It is time to finish up the main workflow so that it reads the requests, creates the tickets, and then moves the Request spreadsheet out once processed. In order to do this, perform the following steps:

  1. Go back to Main.xaml, create a new variable called boolTicketCreated of the Boolean type, set the scope to Event Handler sequence, and set the default value as False:

We will use this to check whether the ticket was created successfully.

  1. To invoke the Zoho Desk workflow that we just added, let's add a new Invoke Workflow File activity and browse to the ZOHOAtuomation.xaml file:

Note that we are adding this to the Then part of the If control we last added in Main.

  1. Let's import the arguments by clicking on Import Arguments within the Invoke activity. On the popup, map the arguments to the strContactName, strEmail, strSubject, and boolTicketCreated variables:

  1. Next, let's use this last variable, boolTicketCreated, and add an If control:

  1. If the ticket was created, then we will move Request.xlsx from the Requests folder to the Processed folder. For that, let's add a Move File activity within the Then block with the following inputs:
    • From: Environment.CurrentDirectory+"\Requests\Request.xlsx".
    • To: Environment.CurrentDirectory+"\Processed\Request.xlsx".
    • Check the Overwrite checkbox.
  2. Finally, add a Message Box with the message "Zoho Ticket Created and File Moved to the Processed Folder. Use ALT+S to check for new requests to process.". Also, add a Log Message activity with the same message and a Log Level of Info.
  1. Next, in the Else branch, let's add a Message Box saying "Zoho Ticket not created and file is not processed yet. Please check the input request file and Use ALT+s to reprocess the same request". Also, add a Log Message activity with the same message and a Log Level of Error:

  1. Let's save the project. Go to Remove Unused Variables in Studio and click on Validate Project:

You should get a message from Studio saying No errors foundNow, we are ready to test the project.

 

Testing the automation

Let's now test the automation with all the workflows end to end:

  1. Go to the main workflow and click on Run, as shown in the following screenshot:

  1. Once you get the first message box, click OK and then use ALT + S to trigger the automation. Click OK on the next few message box prompts. Remember that we added these message boxes to bring visibility to the workflow execution:

  1. Go to the Processed folder and check whether the Request.xlsx file has been moved there:

If you encounter issues, you can use the Debug option to run through the steps and ascertain where the issues are. 

  1. Before you go, do not forget to stop the automation by clicking on the STOP button on UiPath Studio.

That's it! We have completed our first project in UiPath that automated the process of creating a support ticket.

We can implement a few enhancements and make things a little more interesting by trying out the following suggested enhancements. 

 

Project enhancements 

Here are a few simple, but interesting, things you can try out to enhance the project and learn more:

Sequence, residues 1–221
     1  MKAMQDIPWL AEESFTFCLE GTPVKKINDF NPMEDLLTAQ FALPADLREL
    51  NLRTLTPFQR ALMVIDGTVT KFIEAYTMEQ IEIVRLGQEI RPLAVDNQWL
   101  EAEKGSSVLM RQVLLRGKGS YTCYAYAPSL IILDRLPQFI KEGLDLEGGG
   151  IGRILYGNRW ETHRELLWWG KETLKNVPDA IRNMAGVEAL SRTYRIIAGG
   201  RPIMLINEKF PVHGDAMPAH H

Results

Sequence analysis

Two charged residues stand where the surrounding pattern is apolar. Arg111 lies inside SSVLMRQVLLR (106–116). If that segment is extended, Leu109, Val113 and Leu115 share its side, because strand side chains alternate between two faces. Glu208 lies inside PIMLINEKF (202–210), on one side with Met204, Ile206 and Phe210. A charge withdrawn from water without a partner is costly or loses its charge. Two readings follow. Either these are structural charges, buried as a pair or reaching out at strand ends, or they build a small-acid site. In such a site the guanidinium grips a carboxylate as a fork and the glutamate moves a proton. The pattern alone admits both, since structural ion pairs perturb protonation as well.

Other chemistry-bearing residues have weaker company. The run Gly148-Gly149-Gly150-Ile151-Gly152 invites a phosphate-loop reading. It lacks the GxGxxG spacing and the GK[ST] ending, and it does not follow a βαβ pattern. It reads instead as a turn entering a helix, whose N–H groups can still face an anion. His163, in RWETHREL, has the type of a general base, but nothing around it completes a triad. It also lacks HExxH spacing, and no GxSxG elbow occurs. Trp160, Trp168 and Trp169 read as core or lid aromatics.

1. After processing, try to rename the Request file as Request + Date Timestamp before moving it to the Requests folders.
  2. Try to capture all the fields (not just the mandatory three) to create the ticket in Zoho.
  3. Enhance attended automation to include the option to Stop Automation by using a hotkey.
 

Summary

We have completed an attended automation project with UiPath! We explored Excel and web app (Zoho Desk) automation. We broke the automation down into logical parts, including Excel, Zoho, and the main workflow, to keep it clean and separate. 

We used arguments to pass data around and variables to store them within a workflow. You also got a sense of how you can use Try-Catch blocks to handle exceptions and the If control to handle true-false conditions. 

While this project may have been a bit of an effort, this experience should give you a good foundation as we head into more complex projects. In the next chapter, we will automate customer data lookup and data entry in CRM applications. See you there!

About the Authors

  • Nandan Mullakara

    Nandan Mullakara is a CEO at Innomatiq working in the RPA domain and is involved in Intelligent Automation, Consulting, and Program management. Nandan helps clients automate with Robotic Process Automation (RPA) and Cognitive technologies. He was most recently the head of RPA Consultancy at Fujitsu America where he helped enable the Fujitsu Digital Workforce offering.

    Browse publications by this author
  • Arun Kumar Asokan

    Arun Kumar Asokan is an Assistant Vice President (AVP) at EXL Service and is a Business Process Management & Intelligent Automation Consulting professional. Currently, he is helping clients design and operate Robotic Process Automation (RPA) Center Of Excellence (CoE) and build their AI and Intelligent Document Processing capabilities. He has previously worked in different Digital consulting groups in HCL, Infosys and Wipro helping clients in different parts of the globe. In addition to this, Arun promotes the RPA technologies by educating junior RPA developers with demo videos and thought leadership articles

    Browse publications by this author